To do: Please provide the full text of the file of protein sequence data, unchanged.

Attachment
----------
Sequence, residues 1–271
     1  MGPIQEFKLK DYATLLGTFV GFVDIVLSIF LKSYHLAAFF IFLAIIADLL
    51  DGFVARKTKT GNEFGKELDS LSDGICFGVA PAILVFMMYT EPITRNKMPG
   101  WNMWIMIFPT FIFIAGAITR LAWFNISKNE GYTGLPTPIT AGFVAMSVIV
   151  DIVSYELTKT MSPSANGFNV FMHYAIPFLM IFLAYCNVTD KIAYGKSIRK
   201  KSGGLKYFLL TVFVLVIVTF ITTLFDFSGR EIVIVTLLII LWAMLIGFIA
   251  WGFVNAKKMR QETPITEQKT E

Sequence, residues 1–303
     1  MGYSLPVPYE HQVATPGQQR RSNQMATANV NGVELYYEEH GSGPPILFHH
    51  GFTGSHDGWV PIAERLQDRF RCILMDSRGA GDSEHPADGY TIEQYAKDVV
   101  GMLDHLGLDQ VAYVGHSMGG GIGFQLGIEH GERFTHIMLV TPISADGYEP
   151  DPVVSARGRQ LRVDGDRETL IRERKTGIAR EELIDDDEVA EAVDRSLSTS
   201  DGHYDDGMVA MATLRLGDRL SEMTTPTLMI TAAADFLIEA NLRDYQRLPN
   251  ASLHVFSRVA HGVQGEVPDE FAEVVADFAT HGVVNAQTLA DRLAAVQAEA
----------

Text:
Sequence, residues 1–271
     1  MGPIQEFKLK DYATLLGTFV GFVDIVLSIF LKSYHLAAFF IFLAIIADLL
    51  DGFVARKTKT GNEFGKELDS LSDGICFGVA PAILVFMMYT EPITRNKMPG
   101  WNMWIMIFPT FIFIAGAITR LAWFNISKNE GYTGLPTPIT AGFVAMSVIV
   151  DIVSYELTKT MSPSANGFNV FMHYAIPFLM IFLAYCNVTD KIAYGKSIRK
   201  KSGGLKYFLL TVFVLVIVTF ITTLFDFSGR EIVIVTLLII LWAMLIGFIA
   251  WGFVNAKKMR QETPITEQKT E

Sequence, residues 1–303
     1  MGYSLPVPYE HQVATPGQQR RSNQMATANV NGVELYYEEH GSGPPILFHH
    51  GFTGSHDGWV PIAERLQDRF RCILMDSRGA GDSEHPADGY TIEQYAKDVV
   101  GMLDHLGLDQ VAYVGHSMGG GIGFQLGIEH GERFTHIMLV TPISADGYEP
   151  DPVVSARGRQ LRVDGDRETL IRERKTGIAR EELIDDDEVA EAVDRSLSTS
   201  DGHYDDGMVA MATLRLGDRL SEMTTPTLMI TAAADFLIEA NLRDYQRLPN
   251  ASLHVFSRVA HGVQGEVPDE FAEVVADFAT HGVVNAQTLA DRLAAVQAEA